"it's also currently ranked number *eight* by users for Android bugs" This is interesting since this is missing functionality not a bug. Android phones do not advertise or provide this as default functionality. Maybe you used "bug" by mistake but if not there are significant differences in how bug reports and new functionality requests are prioritized and released with "bugs" usually getting the priority depending on the severity. If you are adding new functionality you might, I say might, be depending on the existing release features and if there are bugs your new features could be effected.

Re:Recording should be a basic function... ? (0)

Anonymous Coward | more than 2 years ago | (#36957520)

et on Android - the inablity to record calls has been an outstanding bug for what...2 years?

It's not a bug, it's by design. Google made the decision not to implement that portion of the Android API on US smartphones to avoid Legal issues involving wiretapping laws.

If you really want, you can install your own ROM which has those features present, but not all phones will physically support it.

Re:Recording should be a basic function... ? (1)

DaFallus (805248) | more than 2 years ago | (#36959078)

Can you please list a few phones that do provide this "basic" functionality? I'm genuinely curious.

Que the fandroids... (-1)

Anonymous Coward | more than 2 years ago | (#36953834)

More of a reason to ignore the failure thst is the android platform. It's Blackberry or nothing.

Where's the Torjan part? (5, Insightful)

Kenja (541830) | more than 2 years ago | (#36953862)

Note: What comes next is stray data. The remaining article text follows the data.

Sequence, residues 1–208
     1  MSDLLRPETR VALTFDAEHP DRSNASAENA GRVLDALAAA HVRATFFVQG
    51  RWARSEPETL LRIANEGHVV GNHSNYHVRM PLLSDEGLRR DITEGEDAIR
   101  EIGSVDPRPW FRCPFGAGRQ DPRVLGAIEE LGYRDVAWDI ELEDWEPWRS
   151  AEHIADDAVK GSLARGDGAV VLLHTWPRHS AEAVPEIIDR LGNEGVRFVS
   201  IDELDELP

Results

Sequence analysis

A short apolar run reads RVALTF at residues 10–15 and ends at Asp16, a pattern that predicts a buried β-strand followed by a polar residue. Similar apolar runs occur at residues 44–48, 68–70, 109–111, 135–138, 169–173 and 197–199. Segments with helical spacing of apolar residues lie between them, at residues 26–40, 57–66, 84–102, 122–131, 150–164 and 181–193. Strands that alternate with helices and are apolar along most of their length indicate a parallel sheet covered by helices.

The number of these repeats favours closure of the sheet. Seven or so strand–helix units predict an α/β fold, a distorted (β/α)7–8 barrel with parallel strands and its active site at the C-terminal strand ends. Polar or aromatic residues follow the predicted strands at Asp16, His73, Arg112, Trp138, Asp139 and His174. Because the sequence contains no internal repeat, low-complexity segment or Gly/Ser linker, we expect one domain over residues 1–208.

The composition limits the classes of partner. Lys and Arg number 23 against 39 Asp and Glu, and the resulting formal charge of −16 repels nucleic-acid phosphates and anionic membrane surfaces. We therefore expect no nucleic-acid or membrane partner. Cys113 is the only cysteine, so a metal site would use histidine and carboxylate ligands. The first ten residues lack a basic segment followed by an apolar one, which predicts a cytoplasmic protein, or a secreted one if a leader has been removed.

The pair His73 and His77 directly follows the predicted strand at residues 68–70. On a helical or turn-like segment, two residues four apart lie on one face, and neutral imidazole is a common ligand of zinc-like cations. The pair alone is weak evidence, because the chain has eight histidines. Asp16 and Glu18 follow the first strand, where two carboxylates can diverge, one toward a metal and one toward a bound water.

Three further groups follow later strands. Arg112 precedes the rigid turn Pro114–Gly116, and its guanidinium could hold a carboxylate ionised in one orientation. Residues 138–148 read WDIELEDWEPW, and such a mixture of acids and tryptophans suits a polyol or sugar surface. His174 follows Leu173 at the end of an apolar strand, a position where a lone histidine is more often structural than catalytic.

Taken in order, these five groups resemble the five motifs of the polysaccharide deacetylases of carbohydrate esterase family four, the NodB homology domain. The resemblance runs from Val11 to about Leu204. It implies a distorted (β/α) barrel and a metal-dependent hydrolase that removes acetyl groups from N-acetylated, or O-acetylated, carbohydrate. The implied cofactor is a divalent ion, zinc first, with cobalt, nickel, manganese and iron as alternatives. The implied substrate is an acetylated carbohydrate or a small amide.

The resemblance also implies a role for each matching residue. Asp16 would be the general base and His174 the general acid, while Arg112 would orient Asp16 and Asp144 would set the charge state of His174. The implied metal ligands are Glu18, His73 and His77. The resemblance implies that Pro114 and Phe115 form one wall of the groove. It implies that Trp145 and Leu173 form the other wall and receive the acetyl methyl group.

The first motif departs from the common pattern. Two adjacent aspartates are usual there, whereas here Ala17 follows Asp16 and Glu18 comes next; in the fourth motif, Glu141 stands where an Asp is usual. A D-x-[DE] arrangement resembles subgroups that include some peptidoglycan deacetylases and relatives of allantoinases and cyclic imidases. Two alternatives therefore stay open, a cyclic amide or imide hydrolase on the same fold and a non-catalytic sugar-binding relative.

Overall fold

This is an application that records phone calls. It tells you it will do this when you install it and it will require you opt to install it from an untrusted site after configuring your phone to allow such an action.

But then I guess "phone call recording app records phone calls" is less of an alarmist title.

Re:Where's the Torjan part? (1)

aztracker1 (702135) | more than 2 years ago | (#36954254)

Fair enough... I live in a state where only one party requires notice for recording a call, me being that party should allow it... I have no desire to do so, but would be nice.

Re:Where's the Torjan part? (1)

MobileTatsu-NJG (946591) | more than 2 years ago | (#36954446)

But then I guess "phone call recording app records phone calls" is less of an alarmist title.

What's funny is lots of people who rely on Slashdot for their smartphone news actually consider themselves informed.

Re:Where's the Torjan part? (1)

dizzysoul (2275254) | more than 2 years ago | (#36954672)

"Where's the Torjan part?" I would love to tell you, but you will first have to explain to me what a Torjan is!

It can upload the recordings (0)

Anonymous Coward | more than 2 years ago | (#36954738)

to a malicious user. Read the fucking summary.

Re:It can upload the recordings (1)

Anonymous Coward | more than 2 years ago | (#36957822)